Alzheimer’s disease is the most common form of dementia and currently affects over 3 million senior citizens in America. Although it does not appear to run in my family, I am always saddened when I see someones grandmother or grandfather with Alzheimer’s. Early symptoms of the disease include confusion, loss of short-term memory, problems with attention and spatial orientation, changes in personality, language difficulties and unexplained mood swings. But these same exact symptoms have also been attributed to mycotoxicosis, or mold poisoning.

While most people may still think of mold as a common cause for sneezing, sore throats, and coughing, more recent mold research has shown a definitive link between some types of toxic mold and cognitive disorders such as Alzheimer’s. Short term memory loss, lack of concentration, inability to maintain focus or complete simple tasks are found in many people suffering from mycotoxicosis.

At the present time, an autopsy is the only test that can confirm a diagnosis of Alzheimer’s. It’s very possible that some people diagnosed with early symptoms of Alzheimer’s disease may actually just have a mold problem.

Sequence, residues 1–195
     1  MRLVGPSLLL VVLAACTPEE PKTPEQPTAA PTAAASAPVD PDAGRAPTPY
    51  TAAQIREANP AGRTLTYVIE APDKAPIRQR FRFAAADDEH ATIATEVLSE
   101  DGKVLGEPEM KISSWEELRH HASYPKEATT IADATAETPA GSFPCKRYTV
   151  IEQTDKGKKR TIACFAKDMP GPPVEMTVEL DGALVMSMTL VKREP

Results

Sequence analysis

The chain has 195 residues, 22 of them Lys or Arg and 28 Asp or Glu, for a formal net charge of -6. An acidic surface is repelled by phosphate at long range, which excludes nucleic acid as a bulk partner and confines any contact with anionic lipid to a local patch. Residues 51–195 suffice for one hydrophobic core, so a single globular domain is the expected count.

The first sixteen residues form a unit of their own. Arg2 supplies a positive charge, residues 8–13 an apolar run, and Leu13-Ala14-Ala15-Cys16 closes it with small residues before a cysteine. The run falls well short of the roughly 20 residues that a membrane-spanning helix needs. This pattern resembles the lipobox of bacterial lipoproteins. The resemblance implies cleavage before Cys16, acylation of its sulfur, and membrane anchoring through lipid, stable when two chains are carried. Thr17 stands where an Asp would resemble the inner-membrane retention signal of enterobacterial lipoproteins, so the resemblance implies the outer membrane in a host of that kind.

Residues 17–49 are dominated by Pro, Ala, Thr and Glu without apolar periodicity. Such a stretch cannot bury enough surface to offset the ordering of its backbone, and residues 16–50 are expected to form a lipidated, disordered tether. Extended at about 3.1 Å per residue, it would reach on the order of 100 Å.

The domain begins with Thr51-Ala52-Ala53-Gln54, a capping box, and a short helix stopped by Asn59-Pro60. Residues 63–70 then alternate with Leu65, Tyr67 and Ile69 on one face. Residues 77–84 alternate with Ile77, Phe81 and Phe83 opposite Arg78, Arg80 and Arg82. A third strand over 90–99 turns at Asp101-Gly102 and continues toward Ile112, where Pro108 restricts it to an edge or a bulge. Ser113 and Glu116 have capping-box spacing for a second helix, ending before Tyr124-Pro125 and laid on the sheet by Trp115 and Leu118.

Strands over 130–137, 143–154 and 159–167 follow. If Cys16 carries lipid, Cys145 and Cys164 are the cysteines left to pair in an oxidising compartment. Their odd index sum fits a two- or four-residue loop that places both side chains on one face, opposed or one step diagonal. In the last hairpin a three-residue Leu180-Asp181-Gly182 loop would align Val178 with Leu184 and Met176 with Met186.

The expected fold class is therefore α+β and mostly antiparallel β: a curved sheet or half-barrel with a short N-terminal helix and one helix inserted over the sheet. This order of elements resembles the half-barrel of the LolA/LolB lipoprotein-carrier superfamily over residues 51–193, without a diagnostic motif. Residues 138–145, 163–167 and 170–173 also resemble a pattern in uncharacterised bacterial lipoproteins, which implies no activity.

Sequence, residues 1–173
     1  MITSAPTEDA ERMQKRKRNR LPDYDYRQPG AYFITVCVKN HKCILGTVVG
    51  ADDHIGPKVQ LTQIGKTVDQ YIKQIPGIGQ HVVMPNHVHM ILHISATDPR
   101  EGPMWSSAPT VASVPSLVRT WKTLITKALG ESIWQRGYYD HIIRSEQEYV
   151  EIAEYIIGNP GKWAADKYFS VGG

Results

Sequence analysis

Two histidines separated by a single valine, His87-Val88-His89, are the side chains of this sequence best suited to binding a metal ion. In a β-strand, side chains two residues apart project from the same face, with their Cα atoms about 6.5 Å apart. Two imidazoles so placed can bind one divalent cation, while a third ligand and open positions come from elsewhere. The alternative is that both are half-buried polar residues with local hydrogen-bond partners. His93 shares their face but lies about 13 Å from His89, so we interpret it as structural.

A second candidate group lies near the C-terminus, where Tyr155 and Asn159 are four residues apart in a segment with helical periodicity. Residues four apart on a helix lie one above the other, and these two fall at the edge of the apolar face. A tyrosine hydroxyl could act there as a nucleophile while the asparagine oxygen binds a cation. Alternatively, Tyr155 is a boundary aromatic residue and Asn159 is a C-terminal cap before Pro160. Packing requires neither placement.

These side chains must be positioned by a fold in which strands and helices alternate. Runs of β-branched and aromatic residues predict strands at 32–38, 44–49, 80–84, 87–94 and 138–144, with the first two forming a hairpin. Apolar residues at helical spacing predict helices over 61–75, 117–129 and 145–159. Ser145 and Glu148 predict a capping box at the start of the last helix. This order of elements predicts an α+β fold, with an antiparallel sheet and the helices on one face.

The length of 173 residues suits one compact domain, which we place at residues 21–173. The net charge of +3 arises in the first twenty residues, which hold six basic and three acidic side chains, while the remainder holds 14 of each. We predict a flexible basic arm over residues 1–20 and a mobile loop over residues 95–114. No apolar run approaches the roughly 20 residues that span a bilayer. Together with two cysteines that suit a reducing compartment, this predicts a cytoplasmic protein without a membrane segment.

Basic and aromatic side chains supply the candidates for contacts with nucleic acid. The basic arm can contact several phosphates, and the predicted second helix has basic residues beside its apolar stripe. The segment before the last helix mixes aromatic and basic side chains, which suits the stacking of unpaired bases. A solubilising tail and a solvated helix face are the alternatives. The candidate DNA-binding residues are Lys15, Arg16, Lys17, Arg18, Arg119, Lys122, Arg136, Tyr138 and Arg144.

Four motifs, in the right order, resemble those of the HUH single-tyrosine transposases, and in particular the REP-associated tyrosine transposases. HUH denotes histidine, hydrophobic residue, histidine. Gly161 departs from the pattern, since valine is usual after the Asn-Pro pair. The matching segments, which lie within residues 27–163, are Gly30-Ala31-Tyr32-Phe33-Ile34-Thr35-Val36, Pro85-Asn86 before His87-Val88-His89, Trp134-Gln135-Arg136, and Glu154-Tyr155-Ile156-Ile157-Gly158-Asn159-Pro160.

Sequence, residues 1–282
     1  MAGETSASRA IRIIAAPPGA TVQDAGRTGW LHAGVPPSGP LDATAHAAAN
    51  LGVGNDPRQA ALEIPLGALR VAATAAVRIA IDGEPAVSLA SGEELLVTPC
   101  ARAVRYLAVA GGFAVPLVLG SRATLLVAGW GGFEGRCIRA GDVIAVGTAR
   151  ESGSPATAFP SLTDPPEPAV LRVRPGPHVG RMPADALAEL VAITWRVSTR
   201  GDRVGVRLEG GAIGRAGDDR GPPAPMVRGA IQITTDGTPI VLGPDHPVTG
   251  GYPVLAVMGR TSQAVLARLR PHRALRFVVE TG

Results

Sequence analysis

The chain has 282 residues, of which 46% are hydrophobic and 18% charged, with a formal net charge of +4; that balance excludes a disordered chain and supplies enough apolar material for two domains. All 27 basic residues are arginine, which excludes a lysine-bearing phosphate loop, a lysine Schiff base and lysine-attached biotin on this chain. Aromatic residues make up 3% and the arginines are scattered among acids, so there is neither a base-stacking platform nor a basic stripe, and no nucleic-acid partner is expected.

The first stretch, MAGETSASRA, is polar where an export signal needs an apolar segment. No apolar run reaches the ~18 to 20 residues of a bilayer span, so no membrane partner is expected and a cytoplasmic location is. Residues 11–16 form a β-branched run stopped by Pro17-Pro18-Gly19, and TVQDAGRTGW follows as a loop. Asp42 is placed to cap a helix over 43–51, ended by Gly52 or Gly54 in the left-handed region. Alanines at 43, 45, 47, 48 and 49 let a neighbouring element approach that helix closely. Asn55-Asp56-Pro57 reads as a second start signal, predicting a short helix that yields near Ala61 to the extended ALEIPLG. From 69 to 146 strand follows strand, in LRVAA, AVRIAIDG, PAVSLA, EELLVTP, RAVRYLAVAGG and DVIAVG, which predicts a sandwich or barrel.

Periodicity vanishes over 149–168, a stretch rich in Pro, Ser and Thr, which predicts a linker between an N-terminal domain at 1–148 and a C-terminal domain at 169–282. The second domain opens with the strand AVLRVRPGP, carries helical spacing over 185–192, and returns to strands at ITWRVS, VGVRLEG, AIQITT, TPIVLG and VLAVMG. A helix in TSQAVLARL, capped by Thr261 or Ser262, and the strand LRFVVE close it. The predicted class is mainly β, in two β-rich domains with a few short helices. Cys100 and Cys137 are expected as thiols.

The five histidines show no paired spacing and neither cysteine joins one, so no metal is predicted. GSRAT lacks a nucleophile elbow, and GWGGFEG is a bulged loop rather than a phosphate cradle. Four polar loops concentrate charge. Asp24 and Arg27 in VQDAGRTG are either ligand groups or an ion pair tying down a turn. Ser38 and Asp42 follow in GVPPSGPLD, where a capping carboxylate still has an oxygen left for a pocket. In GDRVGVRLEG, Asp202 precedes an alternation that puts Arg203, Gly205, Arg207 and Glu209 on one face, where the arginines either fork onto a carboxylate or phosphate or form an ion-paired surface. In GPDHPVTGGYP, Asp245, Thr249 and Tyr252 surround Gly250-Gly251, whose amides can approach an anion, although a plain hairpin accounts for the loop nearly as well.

It’s also possible that mold may even be a contributing factor in causing Alzheimer’s, or mold may at least exacerbate the symptoms. But much more research is needed on this subject. In any event, it’s best that people with Alzheimer’s disease live in a mold-free environment so that the effects of toxic mold do not complicate their symptoms.

It’s important to investigate cases of Alzheimer’s for mold because while Alzheimer’s disease is not curable, mold is removable. This reason alone makes it worth the effort to check out the home and living conditions of people with these symptoms. Sometimes cognitive disorders caused by mold can be alleviated if the mold is removed.